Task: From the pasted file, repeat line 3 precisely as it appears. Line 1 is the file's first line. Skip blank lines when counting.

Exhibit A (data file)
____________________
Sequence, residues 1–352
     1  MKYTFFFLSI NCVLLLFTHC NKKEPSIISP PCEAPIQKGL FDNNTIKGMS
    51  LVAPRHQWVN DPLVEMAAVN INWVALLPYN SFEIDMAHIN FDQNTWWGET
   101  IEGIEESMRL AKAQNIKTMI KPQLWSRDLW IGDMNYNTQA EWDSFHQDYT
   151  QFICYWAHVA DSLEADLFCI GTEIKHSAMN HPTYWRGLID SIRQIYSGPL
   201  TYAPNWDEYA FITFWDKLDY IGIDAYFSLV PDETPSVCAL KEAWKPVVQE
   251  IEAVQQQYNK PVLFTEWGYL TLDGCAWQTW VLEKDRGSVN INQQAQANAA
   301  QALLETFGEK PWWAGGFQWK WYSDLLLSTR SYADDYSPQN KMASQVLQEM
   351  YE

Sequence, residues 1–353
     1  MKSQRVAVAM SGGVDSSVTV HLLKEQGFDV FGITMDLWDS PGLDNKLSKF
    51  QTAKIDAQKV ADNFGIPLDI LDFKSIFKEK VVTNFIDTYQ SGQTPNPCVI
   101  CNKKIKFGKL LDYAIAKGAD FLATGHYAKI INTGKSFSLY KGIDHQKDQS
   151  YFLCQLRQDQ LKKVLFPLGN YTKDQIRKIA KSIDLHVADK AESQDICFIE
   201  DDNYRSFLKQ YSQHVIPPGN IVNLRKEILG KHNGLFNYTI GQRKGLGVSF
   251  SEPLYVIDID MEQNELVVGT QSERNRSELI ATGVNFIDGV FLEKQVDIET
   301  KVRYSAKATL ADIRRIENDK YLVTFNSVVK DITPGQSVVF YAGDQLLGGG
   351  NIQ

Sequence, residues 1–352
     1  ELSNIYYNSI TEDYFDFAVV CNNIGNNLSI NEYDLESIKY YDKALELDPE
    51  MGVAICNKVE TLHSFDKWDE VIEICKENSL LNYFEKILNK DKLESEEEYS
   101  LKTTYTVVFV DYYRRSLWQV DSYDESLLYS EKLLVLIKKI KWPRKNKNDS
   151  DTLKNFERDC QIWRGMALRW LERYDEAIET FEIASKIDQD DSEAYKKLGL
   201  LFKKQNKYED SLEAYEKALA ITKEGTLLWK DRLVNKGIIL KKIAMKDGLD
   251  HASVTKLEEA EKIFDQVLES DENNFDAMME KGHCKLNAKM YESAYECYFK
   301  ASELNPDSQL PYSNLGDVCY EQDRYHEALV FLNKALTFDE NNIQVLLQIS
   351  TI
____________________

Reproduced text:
    51  LVAPRHQWVN DPLVEMAAVN INWVALLPYN SFEIDMAHIN FDQNTWWGET